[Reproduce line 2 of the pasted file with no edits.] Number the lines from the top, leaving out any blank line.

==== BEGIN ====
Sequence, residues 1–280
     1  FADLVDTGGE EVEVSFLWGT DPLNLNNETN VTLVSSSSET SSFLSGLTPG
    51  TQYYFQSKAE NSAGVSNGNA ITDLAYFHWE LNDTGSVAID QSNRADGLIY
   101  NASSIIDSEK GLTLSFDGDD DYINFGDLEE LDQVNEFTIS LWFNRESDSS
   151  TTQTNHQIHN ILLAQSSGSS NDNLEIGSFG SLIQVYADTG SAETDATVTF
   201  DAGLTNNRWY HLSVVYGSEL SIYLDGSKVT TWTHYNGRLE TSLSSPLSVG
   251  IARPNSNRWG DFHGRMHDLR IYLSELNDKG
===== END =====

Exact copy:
     1  FADLVDTGGE EVEVSFLWGT DPLNLNNETN VTLVSSSSET SSFLSGLTPG